So your whole analysis is based on a misconception of yours.
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Canada Balam Offline
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(03-12-2021, 09:39 PM)Luipaard Wrote:
(03-12-2021, 01:33 AM)Balam Wrote:
(03-12-2021, 01:03 AM)Luipaard Wrote:
(03-11-2021, 02:11 AM)Balam Wrote:
(03-11-2021, 01:14 AM)Luipaard Wrote:
(03-10-2021, 08:27 PM)Balam Wrote:
(03-10-2021, 02:23 PM)Luipaard Wrote:
(03-07-2021, 10:41 AM)Balam Wrote: I wanted to make this post to clear up some misconceptions I've seen spread regarding the sexual dimorphism on jaguars and how it compares to other felids of the genus Panthera. There is an idea I've seen that claims jaguars have the least pronounced sexual dimorphism among the pantherine felids and this somehow translates to them being the worst fighters (??). I find this claim to be, to put it mildly, ridiculous and speaks to how easy it is for people to spread misinformation about a species they dislike when the data used is skewed and the public it is being presented to might not be the most versed on the subject to push back against it.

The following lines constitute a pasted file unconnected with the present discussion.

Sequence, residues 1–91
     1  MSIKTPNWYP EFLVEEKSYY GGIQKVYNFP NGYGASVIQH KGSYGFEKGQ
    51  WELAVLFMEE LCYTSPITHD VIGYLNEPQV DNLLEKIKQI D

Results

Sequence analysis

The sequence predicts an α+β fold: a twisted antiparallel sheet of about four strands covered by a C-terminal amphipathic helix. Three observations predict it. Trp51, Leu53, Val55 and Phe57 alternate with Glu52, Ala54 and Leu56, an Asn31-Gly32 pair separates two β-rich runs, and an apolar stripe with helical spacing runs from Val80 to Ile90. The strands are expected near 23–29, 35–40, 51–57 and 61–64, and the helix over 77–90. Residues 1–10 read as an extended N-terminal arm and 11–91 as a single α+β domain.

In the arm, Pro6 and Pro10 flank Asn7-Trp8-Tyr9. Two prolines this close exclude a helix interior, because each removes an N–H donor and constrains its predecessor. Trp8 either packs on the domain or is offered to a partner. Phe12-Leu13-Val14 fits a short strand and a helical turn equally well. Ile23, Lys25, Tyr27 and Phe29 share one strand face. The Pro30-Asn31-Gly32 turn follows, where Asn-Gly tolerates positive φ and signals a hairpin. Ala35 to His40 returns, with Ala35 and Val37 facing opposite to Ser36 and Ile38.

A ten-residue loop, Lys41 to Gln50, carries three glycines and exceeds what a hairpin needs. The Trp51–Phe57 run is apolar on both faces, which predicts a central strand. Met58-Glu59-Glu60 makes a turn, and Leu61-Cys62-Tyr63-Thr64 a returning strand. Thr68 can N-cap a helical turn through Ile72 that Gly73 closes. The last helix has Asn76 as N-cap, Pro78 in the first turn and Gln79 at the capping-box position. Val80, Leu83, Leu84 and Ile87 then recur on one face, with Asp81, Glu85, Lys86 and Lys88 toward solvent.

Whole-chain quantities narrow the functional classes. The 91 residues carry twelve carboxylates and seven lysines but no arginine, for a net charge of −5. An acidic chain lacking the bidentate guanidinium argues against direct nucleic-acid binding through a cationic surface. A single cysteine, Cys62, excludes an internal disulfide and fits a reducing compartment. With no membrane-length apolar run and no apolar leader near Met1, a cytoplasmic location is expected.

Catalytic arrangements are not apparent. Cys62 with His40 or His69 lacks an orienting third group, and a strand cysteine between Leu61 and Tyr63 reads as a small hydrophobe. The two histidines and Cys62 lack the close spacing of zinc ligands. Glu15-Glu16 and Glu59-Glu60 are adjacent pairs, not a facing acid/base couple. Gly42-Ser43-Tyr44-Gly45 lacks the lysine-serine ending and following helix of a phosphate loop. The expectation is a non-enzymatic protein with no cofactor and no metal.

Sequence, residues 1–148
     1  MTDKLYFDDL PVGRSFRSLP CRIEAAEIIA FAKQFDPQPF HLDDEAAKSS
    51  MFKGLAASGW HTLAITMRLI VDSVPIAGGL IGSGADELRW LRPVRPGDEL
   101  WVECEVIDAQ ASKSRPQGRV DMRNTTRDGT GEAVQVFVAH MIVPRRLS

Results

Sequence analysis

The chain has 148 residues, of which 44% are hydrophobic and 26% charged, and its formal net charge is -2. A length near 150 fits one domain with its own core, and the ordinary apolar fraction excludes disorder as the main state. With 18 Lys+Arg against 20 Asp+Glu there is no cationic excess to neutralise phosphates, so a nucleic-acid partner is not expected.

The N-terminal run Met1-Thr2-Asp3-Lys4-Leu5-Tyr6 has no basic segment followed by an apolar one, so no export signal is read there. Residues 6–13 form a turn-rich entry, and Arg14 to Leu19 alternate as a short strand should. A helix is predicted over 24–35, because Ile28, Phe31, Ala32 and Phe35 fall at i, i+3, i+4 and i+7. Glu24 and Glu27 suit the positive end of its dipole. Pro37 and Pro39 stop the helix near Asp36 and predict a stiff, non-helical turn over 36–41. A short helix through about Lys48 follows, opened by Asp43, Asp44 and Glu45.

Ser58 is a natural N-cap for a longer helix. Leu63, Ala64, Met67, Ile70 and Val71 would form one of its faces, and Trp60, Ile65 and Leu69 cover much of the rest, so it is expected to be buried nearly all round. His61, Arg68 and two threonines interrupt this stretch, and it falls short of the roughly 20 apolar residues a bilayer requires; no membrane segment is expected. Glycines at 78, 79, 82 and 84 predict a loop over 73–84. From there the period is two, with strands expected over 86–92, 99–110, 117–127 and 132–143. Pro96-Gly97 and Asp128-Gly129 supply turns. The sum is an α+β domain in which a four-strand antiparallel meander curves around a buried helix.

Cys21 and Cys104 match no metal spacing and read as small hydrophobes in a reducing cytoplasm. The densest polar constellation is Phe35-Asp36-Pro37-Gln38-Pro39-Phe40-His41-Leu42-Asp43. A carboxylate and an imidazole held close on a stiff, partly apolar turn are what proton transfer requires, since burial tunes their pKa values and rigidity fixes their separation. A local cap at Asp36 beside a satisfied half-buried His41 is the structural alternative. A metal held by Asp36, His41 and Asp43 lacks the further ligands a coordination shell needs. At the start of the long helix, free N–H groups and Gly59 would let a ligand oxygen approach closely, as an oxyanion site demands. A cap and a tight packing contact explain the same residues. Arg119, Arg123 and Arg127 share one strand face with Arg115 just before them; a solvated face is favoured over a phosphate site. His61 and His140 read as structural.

In terms of body size, jaguars present sexual size differentiations that fall in line with what is seen with other pantherine cats, with males being usually 30% larger than females, while the largest individuals of each sex having a very drastic sexual demarcation, with the heaviest male being almost 50% larger than the heaviest female on record (100-110 kg vs 148 kg, Troncha/Lopez). Sexual size differences and therefore dimorphism also varies across different jaguars populations, as described by Hoogestijn and Mondolfi in their paper BODY MASS AND SKULL MEASUREMENTS IN FOUR JAGUAR POPULATIONS AND OBSERVATIONS ON THEIR PREY BASE (1996). Here, by comparing the size differences among the two largest populations, Llanos and Pantanal, it became clear that Llanos jaguars showed more pronounced size differences among the sexes: